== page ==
Next, in a retrospective, nonrandomized, single-center open case series from Sakhiya et al, the authors evaluated the safety and efficacy of a modified rheumatoid arthritis protocol when applied to patients with pemphigus. Using this protocol, patients were treated with a single treatment course ranging from 2 to 5 infusions of 1,000mg of rituximab during an interval of four weeks. In this study, 32 patients with pemphigus (4 with pemphigus foliaceus and 28 with pemphigus vulgaris) were enrolled, and all patients responded to therapy. Nineteen patients achieved complete remission during a median period of 46 weeks (8 on minimal therapy, 11 off therapy). Thirteen patients achieved partial remission during a median period of 46 weeks (8 on minimal therapy, 5 off therapy). Relapses were seen in five (15.63%) patients between 72 and 96 weeks (median: 96 weeks) after the start of therapy.

After this, Sidiropoulou et al provide a review of chemical peels in skin cancer. Here, the authors summarize the data available on the effects of chemical peels on ultraviolet-induced skin carcinogenesis, focusing particular attention on actinic keratoses and cutaneous field cancerization. In addition, considerations about the systemic and/or cutaneous toxicity of peeling agents, particularly trichloracetic acid, were briefly discussed. According to their analysis of 42 articles involving both in-vitro and in-vivo human and animal models, the authors acknowledge the efficacy of chemical peels in clearing visible actinic keratoses and the possible clinical use of chemical peeling for the prevention of skin cancer.

Following this, in an original research article from Tuknayat et al, titled, “Familial Dermatophytosis in India: A Study of the Possible Contributing Risk Factors,” the authors evaluated risk factors of familial dermatophytosis via a questionnaire. Out of the 113 families surveyed, which included 673 subjects, a little over half (55.4%) were affected by dermatophytosis. In 103 families, the initial site of infection in the subsequent family member affected was the same site as that affected in the first member. All families reported a history of using an irritant soap and over-the-counter drugs. Washing all the family’s clothing together was a common factor. All families had a single bathroom and used the same soap and stool for bathing.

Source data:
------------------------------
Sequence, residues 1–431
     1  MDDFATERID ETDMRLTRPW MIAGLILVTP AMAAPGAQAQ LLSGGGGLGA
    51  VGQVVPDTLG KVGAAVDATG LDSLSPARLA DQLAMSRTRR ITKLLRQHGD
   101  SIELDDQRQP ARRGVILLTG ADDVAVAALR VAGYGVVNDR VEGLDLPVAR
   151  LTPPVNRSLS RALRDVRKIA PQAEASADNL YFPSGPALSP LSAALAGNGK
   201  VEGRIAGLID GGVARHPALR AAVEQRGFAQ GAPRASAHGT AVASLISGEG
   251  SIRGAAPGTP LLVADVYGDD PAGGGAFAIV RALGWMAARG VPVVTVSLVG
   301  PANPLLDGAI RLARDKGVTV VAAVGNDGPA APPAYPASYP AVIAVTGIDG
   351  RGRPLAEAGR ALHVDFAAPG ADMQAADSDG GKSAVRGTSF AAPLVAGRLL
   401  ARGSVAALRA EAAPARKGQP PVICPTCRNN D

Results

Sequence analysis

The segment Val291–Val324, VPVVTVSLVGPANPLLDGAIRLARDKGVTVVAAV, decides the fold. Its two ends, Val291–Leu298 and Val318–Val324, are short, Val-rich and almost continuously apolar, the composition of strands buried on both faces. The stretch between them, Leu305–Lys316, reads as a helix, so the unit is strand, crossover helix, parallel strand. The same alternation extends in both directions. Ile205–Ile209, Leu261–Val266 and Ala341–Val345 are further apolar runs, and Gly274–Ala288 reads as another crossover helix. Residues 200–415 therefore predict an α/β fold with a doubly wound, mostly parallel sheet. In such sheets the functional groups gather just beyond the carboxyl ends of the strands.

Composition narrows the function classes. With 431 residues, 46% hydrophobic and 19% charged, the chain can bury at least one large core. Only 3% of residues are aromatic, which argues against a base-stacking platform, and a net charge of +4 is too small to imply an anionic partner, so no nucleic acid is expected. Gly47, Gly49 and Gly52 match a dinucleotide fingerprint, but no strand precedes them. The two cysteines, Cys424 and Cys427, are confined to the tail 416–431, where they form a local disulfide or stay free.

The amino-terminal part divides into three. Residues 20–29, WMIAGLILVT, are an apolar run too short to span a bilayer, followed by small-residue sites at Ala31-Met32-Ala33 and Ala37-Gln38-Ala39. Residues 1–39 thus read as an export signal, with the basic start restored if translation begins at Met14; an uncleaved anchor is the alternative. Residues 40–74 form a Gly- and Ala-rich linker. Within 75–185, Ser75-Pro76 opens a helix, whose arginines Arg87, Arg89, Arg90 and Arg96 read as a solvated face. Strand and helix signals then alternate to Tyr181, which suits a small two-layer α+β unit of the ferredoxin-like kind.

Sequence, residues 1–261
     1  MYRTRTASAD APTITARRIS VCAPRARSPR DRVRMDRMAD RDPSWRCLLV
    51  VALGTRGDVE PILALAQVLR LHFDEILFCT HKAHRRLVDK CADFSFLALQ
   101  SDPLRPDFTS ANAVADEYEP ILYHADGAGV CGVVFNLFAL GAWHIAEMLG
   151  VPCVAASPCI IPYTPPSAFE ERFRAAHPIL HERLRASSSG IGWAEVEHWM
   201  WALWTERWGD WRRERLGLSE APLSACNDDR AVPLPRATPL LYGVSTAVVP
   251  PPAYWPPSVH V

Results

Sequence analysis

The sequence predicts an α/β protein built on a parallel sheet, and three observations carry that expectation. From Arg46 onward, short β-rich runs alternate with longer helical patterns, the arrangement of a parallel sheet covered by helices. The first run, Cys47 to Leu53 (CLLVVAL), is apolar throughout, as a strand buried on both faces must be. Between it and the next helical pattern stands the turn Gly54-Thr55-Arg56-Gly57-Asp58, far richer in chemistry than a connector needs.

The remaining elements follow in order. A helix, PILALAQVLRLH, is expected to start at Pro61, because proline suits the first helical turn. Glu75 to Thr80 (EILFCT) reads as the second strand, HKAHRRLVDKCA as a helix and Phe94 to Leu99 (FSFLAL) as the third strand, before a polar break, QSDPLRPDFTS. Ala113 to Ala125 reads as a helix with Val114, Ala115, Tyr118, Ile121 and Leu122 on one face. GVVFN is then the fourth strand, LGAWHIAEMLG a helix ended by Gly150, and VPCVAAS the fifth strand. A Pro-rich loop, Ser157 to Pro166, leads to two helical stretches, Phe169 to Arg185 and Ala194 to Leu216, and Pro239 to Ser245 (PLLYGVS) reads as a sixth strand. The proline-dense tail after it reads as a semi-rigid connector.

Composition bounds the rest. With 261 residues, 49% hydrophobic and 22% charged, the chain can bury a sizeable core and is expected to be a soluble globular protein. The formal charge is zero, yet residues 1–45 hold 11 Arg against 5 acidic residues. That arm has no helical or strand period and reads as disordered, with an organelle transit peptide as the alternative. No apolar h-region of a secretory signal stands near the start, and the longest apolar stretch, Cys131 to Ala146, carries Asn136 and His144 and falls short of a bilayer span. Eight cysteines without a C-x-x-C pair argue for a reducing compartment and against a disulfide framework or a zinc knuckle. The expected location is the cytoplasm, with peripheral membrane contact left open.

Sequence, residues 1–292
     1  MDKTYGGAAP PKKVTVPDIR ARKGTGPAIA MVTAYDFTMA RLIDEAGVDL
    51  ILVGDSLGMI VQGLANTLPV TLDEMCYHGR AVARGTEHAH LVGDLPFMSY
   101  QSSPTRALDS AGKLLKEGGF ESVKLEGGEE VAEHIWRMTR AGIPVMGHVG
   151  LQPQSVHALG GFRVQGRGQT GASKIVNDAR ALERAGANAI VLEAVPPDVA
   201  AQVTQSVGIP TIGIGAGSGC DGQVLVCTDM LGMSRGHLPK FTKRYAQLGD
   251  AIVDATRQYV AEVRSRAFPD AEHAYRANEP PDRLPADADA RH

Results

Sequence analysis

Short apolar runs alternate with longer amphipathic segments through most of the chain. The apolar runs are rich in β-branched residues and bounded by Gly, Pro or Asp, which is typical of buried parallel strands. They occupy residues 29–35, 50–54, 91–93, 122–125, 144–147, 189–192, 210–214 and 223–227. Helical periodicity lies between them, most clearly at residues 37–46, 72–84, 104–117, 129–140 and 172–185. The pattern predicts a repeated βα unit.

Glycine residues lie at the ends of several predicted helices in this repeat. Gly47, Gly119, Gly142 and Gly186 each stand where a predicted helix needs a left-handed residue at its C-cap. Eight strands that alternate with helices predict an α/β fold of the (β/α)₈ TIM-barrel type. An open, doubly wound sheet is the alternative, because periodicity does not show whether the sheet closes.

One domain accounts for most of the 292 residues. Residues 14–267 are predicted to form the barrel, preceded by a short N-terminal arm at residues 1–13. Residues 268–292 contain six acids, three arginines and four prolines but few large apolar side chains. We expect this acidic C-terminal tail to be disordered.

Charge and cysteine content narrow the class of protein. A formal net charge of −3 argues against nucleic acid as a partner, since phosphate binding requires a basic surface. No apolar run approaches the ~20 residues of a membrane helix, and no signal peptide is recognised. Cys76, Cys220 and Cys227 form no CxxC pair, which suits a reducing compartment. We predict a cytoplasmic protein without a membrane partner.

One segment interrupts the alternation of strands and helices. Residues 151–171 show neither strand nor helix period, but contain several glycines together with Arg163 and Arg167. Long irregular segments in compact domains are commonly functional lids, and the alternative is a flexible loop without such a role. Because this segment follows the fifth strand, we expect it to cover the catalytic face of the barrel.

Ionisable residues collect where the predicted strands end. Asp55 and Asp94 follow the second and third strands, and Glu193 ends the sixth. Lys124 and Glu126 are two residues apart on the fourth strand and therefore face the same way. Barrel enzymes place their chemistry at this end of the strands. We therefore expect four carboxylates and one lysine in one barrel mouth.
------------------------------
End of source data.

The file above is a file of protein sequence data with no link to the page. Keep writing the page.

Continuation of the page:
After this, in an original research article from Velugotla et al, the authors conducted a safety and efficacy study of a polygrowth factor serum for increasing length, luster, thickness, and volume of eyelashes in a group of 30 healthy Indian women. Participants applied the polygrowth factor serum to the upper and lower eyelid margins nightly for 90 days; assessments were performed at baseline and Days 30, 60, and 90, and evaluated eyelash length, density/volume, luster, and curl using imaging and software technologies. Among the 29 subjects who completed the study, improvements in length (10.52%), volume (9.3%), luster (11.43%), thickness (35%), and curl (50.83%), compared to baseline, were recorded.

Finally, don’t miss our Online-only Exclusive this month—an original research article from Shah et al, in which the authors evaluated the safety and efficacy of 308-nm monochromatic excimer light in combination with 0.1% tacrolimus ointment for the treatment of segmental vitiligo. Access Online-only Exclusive articles via the journal’s website at: jcadonline.com/online-only-exclusives/ or via the digital edition at:  jcad.mydigitalpublication.com/view/matrix-medical/journal-of-clinical-and-aesthetic-dermatology.

We hope you enjoy this issue of JCAD. As always, we welcome your feedback and submissions.

With regards,

James Q. Del Rosso, DO, FAOCDEditor-in-Chief, Clinical Dermatology

Wm. Philip Werschler, MD, FAAD, FAACSEditor-in-Chief, Aesthetic Dermatology

Seemal R. Desai, MD, FAAD— Associate Editor